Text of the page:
LGBTQ History
Ian McKellen and James Laurenson perform a scene between Edward II and Piers Gaveston

LGBTQ History

LGBTQ history has often been hidden from view, but many individuals throughout history have lived radical private lives outside the accepted sexual norms of the time.

Find out more about the lives of England’s LGBTQ people, and their important place in the stories of English Heritage sites.

 

 

Image: Ian McKellen and James Laurenson as Edward II and Piers Gaveston. © Central Press/Getty Images

Stories of England's LGBTQ Past

Find out about LGBTQ individuals associated with English Heritage sites, and how the laws and norms of the time affected their lives.

Painting of Georgiana, Duchess of Devonshire holding book and looking out on landscaped garden
Georgiana, Duchess of Devonshire, wrote passionate love letters to women in the 18th century, but we don't know how she would have described her sexuality
© National Portrait Gallery, London

Talking about LGBTQ history

The terms we use today to describe a range of sexualities and gender identities – lesbian, gay, bisexual, transgender and queer – are mostly quite recent inventions. For the most part, we simply don’t know how people in the past would have described their sexuality or gender. We use the acronym LGBTQ because we believe it comes closest to capturing the breadth of experiences and identities for those whose sexualities didn’t fit within societal norms.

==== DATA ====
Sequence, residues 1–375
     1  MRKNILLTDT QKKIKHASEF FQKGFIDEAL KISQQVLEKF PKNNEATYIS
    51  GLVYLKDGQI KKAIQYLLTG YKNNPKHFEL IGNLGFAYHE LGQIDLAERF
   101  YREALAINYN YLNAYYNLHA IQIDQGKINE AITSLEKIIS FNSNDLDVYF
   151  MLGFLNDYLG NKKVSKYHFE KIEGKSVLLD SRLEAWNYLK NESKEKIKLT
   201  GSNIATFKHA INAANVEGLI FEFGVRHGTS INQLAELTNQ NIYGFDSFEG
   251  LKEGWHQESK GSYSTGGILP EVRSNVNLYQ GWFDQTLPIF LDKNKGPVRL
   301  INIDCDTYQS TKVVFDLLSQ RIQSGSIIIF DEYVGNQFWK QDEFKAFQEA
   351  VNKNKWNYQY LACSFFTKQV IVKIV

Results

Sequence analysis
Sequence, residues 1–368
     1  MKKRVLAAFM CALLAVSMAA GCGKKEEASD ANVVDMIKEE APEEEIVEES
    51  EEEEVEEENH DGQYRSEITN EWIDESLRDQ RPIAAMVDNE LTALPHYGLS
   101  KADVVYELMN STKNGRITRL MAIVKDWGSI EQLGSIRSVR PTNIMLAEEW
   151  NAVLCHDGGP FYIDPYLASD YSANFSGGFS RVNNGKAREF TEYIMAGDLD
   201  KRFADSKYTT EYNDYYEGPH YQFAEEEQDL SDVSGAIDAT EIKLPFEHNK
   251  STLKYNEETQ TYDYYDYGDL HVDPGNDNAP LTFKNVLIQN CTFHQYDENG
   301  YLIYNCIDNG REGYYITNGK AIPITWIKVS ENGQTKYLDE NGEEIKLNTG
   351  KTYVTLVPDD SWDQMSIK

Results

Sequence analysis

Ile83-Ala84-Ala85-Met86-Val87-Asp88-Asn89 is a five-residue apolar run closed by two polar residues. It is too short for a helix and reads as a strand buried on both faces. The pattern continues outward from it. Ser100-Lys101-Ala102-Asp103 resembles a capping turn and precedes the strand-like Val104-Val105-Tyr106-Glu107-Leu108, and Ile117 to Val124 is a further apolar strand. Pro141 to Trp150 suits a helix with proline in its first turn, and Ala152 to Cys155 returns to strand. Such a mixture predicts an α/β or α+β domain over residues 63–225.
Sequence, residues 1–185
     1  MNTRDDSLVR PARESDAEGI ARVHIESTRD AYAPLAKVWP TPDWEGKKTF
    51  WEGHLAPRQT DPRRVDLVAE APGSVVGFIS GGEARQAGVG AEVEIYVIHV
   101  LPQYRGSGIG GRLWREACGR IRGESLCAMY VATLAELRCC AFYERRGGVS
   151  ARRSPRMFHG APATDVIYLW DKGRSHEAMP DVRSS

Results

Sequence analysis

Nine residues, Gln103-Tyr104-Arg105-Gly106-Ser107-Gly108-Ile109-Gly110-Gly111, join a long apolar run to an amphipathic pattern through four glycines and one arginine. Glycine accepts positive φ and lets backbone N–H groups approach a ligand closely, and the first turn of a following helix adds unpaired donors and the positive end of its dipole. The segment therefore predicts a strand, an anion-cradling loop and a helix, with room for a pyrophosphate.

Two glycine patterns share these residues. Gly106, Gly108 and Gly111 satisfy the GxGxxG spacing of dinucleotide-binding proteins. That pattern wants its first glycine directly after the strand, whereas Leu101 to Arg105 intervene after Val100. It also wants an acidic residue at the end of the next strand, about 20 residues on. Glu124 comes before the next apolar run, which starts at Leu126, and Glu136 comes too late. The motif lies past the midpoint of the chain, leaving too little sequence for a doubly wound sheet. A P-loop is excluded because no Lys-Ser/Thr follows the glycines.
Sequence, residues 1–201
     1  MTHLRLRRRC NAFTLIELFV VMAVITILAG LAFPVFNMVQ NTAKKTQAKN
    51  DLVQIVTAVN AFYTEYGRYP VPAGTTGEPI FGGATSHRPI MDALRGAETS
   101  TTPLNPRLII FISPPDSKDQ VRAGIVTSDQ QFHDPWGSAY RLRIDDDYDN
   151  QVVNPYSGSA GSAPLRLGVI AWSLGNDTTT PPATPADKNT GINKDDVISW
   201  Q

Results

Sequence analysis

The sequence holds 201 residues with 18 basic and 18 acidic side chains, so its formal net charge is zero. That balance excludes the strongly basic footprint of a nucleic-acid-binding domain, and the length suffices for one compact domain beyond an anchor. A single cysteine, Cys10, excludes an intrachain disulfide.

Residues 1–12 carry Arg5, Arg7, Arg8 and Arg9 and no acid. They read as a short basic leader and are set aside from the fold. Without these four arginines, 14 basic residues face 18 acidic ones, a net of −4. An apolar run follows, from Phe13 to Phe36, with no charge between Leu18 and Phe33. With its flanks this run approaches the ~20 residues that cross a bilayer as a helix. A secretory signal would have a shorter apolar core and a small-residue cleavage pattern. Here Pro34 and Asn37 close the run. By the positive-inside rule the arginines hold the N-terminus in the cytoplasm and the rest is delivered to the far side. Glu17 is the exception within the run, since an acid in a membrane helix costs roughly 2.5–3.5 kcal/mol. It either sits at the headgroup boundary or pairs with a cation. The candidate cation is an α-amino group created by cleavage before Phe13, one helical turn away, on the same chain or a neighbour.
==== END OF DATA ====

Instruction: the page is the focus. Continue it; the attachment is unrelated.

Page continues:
The non-specific word ‘queer’ can also be useful when talking about sexuality and gender in history. We know that for some it has negative associations – historically it has been used derisively as well as for self-identification. However, the Oxford English Dictionary reports that from the late 1980s, ‘queer’ started to be reclaimed as a neutral or positive term. It is now used to capture the complexity and fluidity of sexuality and gender, with the intention of including all experiences and identities rather than defining and limiting them. It is in that spirit of inclusivity that we use the term ‘queer’.

Alan Turing
© National Portrait Gallery, London

London Pride

Of the hundreds of individuals honoured with a London blue plaque, many have lived radical private lives outside the accepted sexual norms of the time, from Oscar Wilde to Virginia Woolf and Alan Turing.

Some were persecuted for it and some helped to challenge public perceptions of gender and sexuality. Explore the stories of some of London’s famous LGBTQ residents through our blue plaques scheme.

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'step into englands story